Now, keep our unfortunate elephant in mind when reading the following statement: “If you eat 5,000 calories of only fat and protein, some protein will be converted by gluconeogenesis, some will go to building muscle, the fat will go to building hormones and cellular repair and the rest will be converted to heat by various metabolic processes and wasted.”
Like me, I’m sure you’ve read some version of the above belief a few times before – that is, the idea that all excess calories from fat and protein are dispelled from the body as heat when one is on a low carbohydrate diet. But as you can see from the theoretical elephant, creating heat is not always a good thing. Heat generated internally will raise core body temperature unless it is dissipated via the body’s surface area into the external surroundings. Maintenance of core temperature is something the body must regulate within a very narrow range by some combination of thermogenesis (heat creation) and heat dissipation/conservation. Too little heat generated and/or conserved will cause hypothermia and too much heat generated and/or conserved will cause hyperthermia. Both conditions can be fatal. Because animals have a limited body surface area from which to release heat, they cannot produce heat in an unrestrained manner without risking hyperthermia. These facts should call into question the assertion that all excess calories consumed on a low carb diet will be converted to heat and wasted. Note that I said all excess calories; it has been shown experimentally that humans can increase their energy expenditure (which creates heat) when overfed 1,000 calories a day so that many individuals will not gain as much weight as expected. The most “genetically lucky” individuals were able to increase their metabolisms to such an extent as to dissipate 600 of the extra 1,000 calories. So yes, some calories can be wasted as heat, but we must remember that thermogenesis does not occur in a haphazard manner and so we cannot assume that an unlimited amount of calories can be spent in heat production without some negative consequence arising.
Jules Hirsch and Theodore Van Itallie were thinking along these lines in 1973 when they penned a letter to the editor in The American Journal of Clinical Nutrition. They were critiquing a study done by Heinrich Kasper that purported to show that a normal weight adult individual (it’s not clear if the subject was male or female) gained no weight over a 10 day period of consuming 5,950 calories per day with most of the calories (4,988) coming from fat (corn oil). Kasper and colleagues conjectured that the lack of weight gain could be evidence of “luxus consumption” (heat creation as a means of wasting energy so that it will not be stored as fat) but when Hirsch and Van Itallie crunched the numbers, they showed just how potentially metabolically damaging disposing of 2,900 calories a day could be:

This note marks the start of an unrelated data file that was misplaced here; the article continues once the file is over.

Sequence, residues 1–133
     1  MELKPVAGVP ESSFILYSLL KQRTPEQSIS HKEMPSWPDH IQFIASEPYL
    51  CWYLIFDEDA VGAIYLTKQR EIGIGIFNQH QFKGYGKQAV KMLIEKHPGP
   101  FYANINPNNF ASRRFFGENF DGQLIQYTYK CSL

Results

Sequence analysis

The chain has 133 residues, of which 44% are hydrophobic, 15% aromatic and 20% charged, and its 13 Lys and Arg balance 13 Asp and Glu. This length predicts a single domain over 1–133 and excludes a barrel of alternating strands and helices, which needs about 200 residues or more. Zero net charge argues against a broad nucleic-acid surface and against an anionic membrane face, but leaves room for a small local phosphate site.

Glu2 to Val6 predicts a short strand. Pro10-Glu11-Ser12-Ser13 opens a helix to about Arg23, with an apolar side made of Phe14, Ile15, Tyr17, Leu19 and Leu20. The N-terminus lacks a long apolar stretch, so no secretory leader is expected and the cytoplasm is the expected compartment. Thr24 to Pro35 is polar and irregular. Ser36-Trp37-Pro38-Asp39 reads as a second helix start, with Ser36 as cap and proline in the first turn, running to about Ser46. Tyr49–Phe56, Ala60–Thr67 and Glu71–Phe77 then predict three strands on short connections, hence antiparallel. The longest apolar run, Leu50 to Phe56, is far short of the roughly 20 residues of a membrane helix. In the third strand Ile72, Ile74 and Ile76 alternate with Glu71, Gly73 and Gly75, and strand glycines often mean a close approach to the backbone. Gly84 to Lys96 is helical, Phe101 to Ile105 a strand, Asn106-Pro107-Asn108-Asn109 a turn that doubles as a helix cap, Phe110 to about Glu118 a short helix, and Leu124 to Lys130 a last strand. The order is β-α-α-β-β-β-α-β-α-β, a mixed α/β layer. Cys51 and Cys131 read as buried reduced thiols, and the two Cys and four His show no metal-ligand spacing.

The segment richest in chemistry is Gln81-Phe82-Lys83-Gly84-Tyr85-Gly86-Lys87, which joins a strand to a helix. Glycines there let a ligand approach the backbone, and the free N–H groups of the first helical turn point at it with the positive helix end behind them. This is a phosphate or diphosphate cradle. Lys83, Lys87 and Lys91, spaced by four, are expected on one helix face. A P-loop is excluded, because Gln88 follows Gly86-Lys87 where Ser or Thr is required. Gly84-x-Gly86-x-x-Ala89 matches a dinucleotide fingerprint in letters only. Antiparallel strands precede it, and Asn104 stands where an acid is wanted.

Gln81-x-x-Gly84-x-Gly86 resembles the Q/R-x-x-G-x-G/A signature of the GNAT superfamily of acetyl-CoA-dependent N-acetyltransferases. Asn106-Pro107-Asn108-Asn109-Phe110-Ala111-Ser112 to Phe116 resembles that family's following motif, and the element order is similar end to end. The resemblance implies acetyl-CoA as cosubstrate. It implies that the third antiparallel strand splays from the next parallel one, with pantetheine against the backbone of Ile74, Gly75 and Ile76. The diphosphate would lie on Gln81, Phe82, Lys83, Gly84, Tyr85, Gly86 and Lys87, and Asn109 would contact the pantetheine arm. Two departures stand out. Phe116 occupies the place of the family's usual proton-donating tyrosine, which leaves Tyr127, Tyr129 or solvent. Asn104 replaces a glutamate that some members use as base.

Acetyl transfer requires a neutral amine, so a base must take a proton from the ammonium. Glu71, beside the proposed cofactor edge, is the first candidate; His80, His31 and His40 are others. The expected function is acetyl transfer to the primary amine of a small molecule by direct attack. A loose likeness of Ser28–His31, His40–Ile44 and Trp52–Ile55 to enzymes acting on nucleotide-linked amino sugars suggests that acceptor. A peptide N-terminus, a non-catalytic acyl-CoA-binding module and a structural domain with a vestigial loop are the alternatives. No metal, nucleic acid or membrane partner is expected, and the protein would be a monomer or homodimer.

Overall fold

“If one were to accept the authors’ contention that “ . . .under a relatively low carbohydrate and protein intake, increasing amounts of fat produce an increase in the metabolic rate that becomes particularly marked if fats high in linoleic acid are given,” then the reader appears to be drawn into the following chain of calculations. A young man requires approximately 3,000 kcal/day, assuming a modest activity level. Approximately one-half of this amount is needed to support his basal metabolism (BMR). If, by consuming large quantities of corn oil, he then increases heat production sufficient to dispose of 2,900 (5,900 minus 3,000) additional calories, this “luxus consumption” would seem to require an elevation of the subject’s BMR by nearly 200% (on the average). Because patients with severe hyperthyroidism exhibit a BMR somewhat in excess of +50%, the data of Kasper et al. would call for this normal young subject to manifest a degree of hypermetabolism (24 hr/day) three- to fourfold greater than that associated with the most toxic form of Graves’ disease. It is perhaps not out of place to mention also that, for every degree (Fahrenheit) of temperature rise above normal, there is supposed to be an associated 8% increase in metabolic rate. In view of this fact, it seems inconceivable that the sensation of “heat over the entire body” reported by the subjects on a high corn oil intake could account for the almost 200% increase in BMR implied by the observations of Kasper et al.”Using Hirsch’s and Van Itallie’s reasoning, let’s crunch the numbers on the subjects in the overfeeding study who were able to dispose of 600 extra calories per day. Since the subjects in this study were said to be sedentary (as opposed to modestly active), let’s bump their caloric requirement down to 2,500 calories/day. Assuming that about one-half of the total caloric requirement is needed to support basal metabolism, the subjects’ BMR would be approximately 1,250 calories/day. Wasting 600 calories per day would require an increase in BMR of a little less than 50%. Confounding the calculations is the fact that the subjects in the overfeeding experiment were gaining weight where as the subject in the Kasper study was not, but it’s interesting to speculate if a 50% elevation in BMR is the maximum increase the body will allow when trying to dispose of excess calories. Thyroid hormone is the primary regulator of thermogenesis; if the body wants to burn off excess calories, it must produce and release more thyroid hormone. Too much thyroid hormone can have deleterious effects on health including coma and death. According to Hirsch and Van Itallie, problems with severe hyperthyroidism begin when one's BMR increases above 50% of normal. It appears some (lucky?) individuals can rev up their metabolisms to that point before they start storing fat. Most of us however cannot and maybe that's not such a bad thing after all.